In less than a week, this election business will be good and done (or at least it should be), and when it is, John McCain will forever be remembered as either the candidate that put Sarah Palin in the White House or the candidate who lost trying to put Sarah Palin in the White House.
I’m not a fan of Sarah Palin, and it’s not because I’m a sexist or a political elitist. My disdain for Palin transcends superficial annoyances (although I’m not particularly impressed with her $150,000 wardrobe). Part of it has to do with her political agenda and biography, obscured by inconsistencies in her issue stances. And a lot of it has to do with her ostensible inexperience on any national political scene. But the greatest reason lies within her candidacy itself, which is nothing more than a political gambit and a gimmicky ploy.
The McCain camp will argue that Palin is a qualified, family-oriented GOP leader who embodies the Maverick spirit of his Straight-Talk Express. Palin is a small-town American from small-town America, who embodies the values and spirit of the frontier. She’s an unabashed Washington neophyte who will help McCain rid Congress of pork and corruption and any other necessary housecleaning form the last administration. Simply put, Palin is the Annie Oakley McCain needed for his Butch Cassidy campaign, renegades against the Bush status quo. Never mind that with all the slander, mudslinging, and hyperbole spewing out of the McCain camp, his self-label of political maverick has become sorely perverted; McCain’s political reputation is now forever tarnished because of his shallow choice of running mate. The Palin candidacy solidifies what we have all suspected: McCain has become everything he once condemned—a political sycophant who compromises his values and caters to the Republican Machine.
Considering the potential GOP field for Vice-President that McCain had to choose from, it’s obvious that Palin was selected despite much more qualified field. Consider the circumstances: In an effort to win the religious right, why didn’t McCain select Mike Huckabee? Or to shore up his economic weaknesses in a time of financial crisis, why didn’t the maverick select Mitt Romney? Simply put McCain knew these selections were politically pedantic. 2008 was shaping up to be an unpredictable race. In order to compete with a candidate as revolutionary as Barack Obama, McCain needed his own lightning in a bottle, his own ace-in-the-hole.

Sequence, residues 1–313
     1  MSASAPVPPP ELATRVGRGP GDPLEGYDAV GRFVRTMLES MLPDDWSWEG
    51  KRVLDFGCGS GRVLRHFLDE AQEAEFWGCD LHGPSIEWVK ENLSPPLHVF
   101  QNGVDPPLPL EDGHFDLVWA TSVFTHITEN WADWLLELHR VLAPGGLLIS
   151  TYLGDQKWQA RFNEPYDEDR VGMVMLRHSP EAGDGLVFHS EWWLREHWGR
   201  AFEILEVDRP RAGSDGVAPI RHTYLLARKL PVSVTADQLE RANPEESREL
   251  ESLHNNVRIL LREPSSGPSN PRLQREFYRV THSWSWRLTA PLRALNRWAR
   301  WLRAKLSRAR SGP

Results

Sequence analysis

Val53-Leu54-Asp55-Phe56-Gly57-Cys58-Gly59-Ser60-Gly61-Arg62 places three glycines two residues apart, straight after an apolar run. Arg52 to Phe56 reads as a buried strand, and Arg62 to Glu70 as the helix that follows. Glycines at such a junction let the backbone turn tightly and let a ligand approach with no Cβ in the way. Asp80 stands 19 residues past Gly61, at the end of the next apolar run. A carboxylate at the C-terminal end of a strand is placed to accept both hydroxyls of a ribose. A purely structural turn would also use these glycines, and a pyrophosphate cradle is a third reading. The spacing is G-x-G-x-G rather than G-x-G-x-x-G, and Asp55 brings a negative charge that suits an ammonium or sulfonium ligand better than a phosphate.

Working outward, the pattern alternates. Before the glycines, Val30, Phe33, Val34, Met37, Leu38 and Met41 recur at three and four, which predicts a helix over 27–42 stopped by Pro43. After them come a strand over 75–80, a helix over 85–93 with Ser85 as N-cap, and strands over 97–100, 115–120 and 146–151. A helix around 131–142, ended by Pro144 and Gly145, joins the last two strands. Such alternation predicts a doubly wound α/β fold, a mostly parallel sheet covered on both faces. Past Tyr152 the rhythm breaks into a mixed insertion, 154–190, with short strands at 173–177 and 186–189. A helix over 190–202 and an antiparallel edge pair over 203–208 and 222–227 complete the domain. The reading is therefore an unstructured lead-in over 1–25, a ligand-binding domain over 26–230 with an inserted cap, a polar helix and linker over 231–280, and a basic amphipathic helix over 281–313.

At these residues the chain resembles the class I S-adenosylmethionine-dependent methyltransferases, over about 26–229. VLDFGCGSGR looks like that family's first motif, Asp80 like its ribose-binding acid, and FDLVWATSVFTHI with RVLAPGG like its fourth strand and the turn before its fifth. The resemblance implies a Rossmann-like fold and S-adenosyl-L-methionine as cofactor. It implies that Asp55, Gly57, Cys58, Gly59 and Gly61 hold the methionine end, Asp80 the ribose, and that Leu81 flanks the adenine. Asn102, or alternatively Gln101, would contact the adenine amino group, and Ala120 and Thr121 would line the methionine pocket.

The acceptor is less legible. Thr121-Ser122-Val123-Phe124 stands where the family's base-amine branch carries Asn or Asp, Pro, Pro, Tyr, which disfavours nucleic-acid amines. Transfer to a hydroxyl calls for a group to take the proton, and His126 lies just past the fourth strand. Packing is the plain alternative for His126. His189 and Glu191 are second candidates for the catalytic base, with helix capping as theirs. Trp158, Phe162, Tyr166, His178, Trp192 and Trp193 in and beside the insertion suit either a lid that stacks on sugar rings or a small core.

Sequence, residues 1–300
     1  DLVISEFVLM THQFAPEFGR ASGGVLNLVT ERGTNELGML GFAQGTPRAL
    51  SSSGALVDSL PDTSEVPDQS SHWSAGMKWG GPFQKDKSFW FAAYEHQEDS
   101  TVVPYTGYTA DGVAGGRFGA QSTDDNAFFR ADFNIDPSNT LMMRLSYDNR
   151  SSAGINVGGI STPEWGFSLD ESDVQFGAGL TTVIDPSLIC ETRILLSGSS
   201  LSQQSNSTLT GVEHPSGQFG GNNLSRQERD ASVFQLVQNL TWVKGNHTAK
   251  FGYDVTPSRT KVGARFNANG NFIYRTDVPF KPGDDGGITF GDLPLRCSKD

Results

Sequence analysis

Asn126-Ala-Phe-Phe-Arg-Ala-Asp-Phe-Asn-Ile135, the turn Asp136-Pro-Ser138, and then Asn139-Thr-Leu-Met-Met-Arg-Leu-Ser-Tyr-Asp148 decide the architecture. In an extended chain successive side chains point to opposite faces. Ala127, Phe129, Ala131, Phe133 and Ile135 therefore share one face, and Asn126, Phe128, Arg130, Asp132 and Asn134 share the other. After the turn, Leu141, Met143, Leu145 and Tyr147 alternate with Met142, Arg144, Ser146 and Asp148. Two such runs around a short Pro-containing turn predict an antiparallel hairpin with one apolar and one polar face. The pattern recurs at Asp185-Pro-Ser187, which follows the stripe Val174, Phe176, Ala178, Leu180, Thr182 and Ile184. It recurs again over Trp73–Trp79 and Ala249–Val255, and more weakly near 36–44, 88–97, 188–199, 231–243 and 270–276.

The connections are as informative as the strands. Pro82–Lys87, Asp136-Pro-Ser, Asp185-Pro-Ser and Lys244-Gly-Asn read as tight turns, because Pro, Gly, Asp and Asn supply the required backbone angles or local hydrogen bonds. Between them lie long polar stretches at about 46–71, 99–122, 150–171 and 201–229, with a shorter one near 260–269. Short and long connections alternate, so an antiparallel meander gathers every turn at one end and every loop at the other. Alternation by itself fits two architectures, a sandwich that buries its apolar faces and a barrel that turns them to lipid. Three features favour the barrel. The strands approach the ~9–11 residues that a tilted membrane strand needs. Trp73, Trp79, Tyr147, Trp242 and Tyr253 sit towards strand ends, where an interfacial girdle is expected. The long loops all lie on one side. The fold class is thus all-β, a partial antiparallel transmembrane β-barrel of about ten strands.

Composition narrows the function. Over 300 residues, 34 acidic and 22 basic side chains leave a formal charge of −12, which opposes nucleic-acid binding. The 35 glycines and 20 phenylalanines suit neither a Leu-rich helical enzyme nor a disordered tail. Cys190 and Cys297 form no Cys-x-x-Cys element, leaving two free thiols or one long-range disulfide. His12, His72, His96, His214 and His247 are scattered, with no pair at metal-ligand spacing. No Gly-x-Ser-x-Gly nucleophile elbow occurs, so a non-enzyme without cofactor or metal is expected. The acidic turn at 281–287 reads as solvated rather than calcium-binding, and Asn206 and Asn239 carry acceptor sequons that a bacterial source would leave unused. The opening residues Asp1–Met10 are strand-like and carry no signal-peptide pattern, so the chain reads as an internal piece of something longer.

What he got instead was Sarah Palin, an ostensibly shallow lure to the undecided Clinton voters and female voters in general. Hillary Clinton did a great job denouncing the move from the start when she implored her supporters to consider what the Palin candidacy meant. Bob Herbert of the New York Times said it best: “Ms. Palin is a walking affront to the many Republican women (not to mention women in general) who are, in fact, qualified to hold the highest office in the land.”
Ms. Palin has certainly endured a lot since her rise to national stardom. Amidst scandals like Troopergate and Broken-Watergate, Palin has weathered the liberal media storm. These I can forgive, for they have become nothing more than cannon-fodder for leftist pundits. I can even forgive her questionable view of history, the fossil record, and dinosaurs (although Matt Damon is right, I’m also slightly hesitant to trust the nuclear launch codes with someone who believed dinosaurs existed 4,000 years ago alongside mankind). What I cannot forgive is her often oblivious campaigning and her propensity to promote divisive thinking among her supporters. Never once did she disavow introductions by Republicans who proclaimed Obama a “terrorist” and “Muslim Fundamentalist”. What has become obvious over the past few weeks that Palin is an ambitious politician who is more than willing to pander to partisan politics and resort to name-calling to advance her own cause. This is the true hypocrisy of the Palin candidacy: although she claims to be a political maverick who wishes to build political bridges, she has reduced herself to the same in-fighting that has divided Washington over the last eight years. And while Barack Obama has positioned himself to win decisive swing voters through bipartisanship, Palin has proudly divided the nation into pro-American and anti-American sections, which is hardly a quality someone overseeing the United States Senate should possess.
The Vice-Presidency is a position often overlooked in campaign politics because it is often reduced to its campaign purpose. A VP, simply put, is supposed to shore up a candidate to help solidify support among undecided voters. But the problem with the campaign season is that it’s myopic in scope. Candidates plead for the short term benefit of votes, often at the expense of their hard-earned political reputations. Let’s not forget that this will all be over eventually and we will have new leadership in Washington, with leadership in the plural form. If so, then McCain’s choice of running mate is not only misguided, but selfishly reckless. Given the current state of our nation, buckling under a gargantuan financial crisis and a war without end, McCain’s choice of Palin seems sorely without warrant. I don’t say this because I buy into the Caribou Barbie stereotypes or that I believe that her affinity for hockey, moose, and fur coats separates herself from mainstream America. It is because voters in this nation will ultimately look past the smile and Tina Fey glasses and still realize the urgency of the times. Amidst banks going under, hurricanes smashing the Gulf Coast, and the declining educational system, voters cannot forget Sarah Palin for one additional reason: a vote for President is actually a vote for Vice-President as well, a joint vote of confidence in a team that together will possesses the future of our nation in their hands.